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Supervised and Unsupervised learning for Natural language processing Manaal Faruqui Language Technologies Institute SCS, CMU.

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Presentation on theme: "Supervised and Unsupervised learning for Natural language processing Manaal Faruqui Language Technologies Institute SCS, CMU."— Presentation transcript:

1 Supervised and Unsupervised learning for Natural language processing Manaal Faruqui Language Technologies Institute SCS, CMU

2 Natural Language Processing + LinguisticsComputer Science

3 Natural Language Processing But Why ? Inability to handle large amount of data Much much faster information access

4 Natural Language Processing How can this be done ? Can you teach a computer ?

5 Natural Language Processing = Mathematics Using Maths to learn language ??? Are you kidding me !

6 Machine Learning Teaching computers make decisions like humans Computer vision Machine Translation Clustering

7 Machine Learning SupervisedUnsupervisedSemi- supervised Learning by examples Learning by patterns Learning by patterns + examples

8 Formal & Informal address Most languages distinguish formal (V) and informal (T) address in direct speech (Brown and Gilman, 1960) Formal address: Neutrality, distance Informal address: Friends, subordinates Variety of realization in different languages French: Pronoun usage (Vous/Tu) German: Pronoun usage (Sie/Du) Hindi: Pronoun usage (Aap/Tum) Japanese: Verbal inflections English: ???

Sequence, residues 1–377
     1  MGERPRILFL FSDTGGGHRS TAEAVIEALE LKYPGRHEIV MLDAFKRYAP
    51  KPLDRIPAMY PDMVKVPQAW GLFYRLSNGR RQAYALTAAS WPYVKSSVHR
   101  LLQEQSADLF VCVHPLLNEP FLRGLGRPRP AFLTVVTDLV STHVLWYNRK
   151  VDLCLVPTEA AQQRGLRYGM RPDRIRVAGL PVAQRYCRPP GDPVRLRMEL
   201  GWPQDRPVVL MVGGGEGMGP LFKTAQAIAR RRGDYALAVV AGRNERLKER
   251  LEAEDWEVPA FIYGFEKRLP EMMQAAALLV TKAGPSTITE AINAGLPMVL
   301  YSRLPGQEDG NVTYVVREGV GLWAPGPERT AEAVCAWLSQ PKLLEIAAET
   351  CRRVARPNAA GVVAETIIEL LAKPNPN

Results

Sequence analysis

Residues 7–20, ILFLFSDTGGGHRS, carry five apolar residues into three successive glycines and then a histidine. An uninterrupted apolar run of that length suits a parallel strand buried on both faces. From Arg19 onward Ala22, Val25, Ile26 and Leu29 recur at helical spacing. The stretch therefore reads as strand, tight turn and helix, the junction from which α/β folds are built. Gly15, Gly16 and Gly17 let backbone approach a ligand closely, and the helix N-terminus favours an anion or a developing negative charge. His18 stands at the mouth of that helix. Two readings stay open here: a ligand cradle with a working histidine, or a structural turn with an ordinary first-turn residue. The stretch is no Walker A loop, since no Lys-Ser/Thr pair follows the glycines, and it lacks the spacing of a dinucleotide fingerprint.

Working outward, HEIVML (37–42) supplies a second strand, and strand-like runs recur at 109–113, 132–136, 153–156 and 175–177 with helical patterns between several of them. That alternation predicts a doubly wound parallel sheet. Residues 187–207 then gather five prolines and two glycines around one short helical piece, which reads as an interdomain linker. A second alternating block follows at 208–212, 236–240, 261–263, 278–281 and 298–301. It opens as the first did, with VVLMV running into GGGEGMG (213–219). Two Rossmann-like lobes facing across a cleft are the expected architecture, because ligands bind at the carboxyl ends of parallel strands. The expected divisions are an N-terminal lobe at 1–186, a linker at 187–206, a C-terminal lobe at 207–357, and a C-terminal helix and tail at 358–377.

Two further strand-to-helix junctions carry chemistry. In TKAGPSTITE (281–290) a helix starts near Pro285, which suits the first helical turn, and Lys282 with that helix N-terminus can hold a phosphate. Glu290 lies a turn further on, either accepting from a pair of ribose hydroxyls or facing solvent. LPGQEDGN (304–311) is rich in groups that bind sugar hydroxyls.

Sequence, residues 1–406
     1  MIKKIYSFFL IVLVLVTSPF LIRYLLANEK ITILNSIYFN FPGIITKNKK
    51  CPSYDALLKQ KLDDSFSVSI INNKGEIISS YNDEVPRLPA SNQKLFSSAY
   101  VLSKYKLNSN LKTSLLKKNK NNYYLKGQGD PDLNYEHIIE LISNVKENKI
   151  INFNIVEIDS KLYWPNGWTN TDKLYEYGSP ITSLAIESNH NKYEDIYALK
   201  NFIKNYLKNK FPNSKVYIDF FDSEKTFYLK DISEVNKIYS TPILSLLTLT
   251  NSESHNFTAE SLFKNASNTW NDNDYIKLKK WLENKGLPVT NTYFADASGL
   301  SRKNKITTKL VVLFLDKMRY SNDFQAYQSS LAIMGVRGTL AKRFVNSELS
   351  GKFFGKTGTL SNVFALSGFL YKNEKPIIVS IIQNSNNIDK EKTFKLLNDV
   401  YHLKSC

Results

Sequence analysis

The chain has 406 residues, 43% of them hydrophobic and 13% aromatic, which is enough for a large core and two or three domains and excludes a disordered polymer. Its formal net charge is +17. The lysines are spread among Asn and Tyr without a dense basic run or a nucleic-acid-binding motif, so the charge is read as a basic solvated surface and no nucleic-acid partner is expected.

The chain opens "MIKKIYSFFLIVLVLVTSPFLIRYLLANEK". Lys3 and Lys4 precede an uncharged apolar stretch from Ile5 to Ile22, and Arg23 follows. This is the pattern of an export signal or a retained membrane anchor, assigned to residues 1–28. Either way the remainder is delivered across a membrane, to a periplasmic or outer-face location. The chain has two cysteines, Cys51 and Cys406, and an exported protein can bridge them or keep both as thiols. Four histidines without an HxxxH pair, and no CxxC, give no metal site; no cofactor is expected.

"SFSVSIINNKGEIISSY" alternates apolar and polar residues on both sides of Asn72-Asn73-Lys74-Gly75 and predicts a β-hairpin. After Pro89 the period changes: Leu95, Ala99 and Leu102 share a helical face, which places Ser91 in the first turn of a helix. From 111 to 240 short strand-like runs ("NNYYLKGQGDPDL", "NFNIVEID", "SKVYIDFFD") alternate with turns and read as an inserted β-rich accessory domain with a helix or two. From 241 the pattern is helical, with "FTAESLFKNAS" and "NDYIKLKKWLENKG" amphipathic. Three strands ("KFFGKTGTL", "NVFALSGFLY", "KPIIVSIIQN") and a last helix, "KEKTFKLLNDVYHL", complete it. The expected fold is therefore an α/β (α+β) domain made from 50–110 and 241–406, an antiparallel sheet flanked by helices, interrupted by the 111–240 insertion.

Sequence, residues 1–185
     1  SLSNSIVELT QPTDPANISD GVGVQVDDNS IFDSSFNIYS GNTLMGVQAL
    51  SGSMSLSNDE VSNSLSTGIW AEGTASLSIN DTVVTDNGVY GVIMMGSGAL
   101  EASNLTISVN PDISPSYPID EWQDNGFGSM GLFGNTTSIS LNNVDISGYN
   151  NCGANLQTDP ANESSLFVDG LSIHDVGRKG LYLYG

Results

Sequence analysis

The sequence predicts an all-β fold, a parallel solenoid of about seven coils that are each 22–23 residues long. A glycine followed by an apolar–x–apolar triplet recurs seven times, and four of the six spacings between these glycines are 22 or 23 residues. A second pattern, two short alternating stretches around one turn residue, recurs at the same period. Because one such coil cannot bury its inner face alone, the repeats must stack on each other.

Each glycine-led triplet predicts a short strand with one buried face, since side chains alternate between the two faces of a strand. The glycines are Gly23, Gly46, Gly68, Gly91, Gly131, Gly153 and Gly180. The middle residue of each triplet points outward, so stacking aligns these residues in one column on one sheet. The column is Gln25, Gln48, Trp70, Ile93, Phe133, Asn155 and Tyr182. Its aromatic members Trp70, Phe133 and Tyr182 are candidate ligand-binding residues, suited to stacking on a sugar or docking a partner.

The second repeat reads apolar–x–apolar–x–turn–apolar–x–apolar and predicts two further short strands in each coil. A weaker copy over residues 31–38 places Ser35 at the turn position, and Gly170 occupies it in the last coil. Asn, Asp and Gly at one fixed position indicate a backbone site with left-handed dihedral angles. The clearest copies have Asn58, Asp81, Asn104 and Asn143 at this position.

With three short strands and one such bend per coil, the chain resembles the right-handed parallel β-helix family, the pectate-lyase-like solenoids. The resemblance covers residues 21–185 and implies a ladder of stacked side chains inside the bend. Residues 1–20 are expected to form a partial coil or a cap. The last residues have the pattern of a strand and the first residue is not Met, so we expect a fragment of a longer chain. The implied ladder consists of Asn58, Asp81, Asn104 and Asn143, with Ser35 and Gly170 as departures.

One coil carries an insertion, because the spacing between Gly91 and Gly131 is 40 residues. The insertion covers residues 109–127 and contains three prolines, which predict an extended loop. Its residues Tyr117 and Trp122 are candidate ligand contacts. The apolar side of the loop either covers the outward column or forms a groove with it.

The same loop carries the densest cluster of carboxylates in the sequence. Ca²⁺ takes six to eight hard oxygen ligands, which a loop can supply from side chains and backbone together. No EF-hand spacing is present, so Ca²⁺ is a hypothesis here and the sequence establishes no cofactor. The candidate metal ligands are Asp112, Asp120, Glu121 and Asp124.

9 Main goals of this work Goal 1: Determine whether English distinguishes between V & T consistently If yes, what are the indicators ? Goal 2: Develop a computational model that labels English sentences as T or V Ideally without spending effort on annotation

10 Methodology Use a parallel corpus to analyze aligned sentences with overt (De) T/V choice and covert (En) T/V choice For Goal 1: Compare De & En sentences For Goal 2 : Project De labels onto En sentences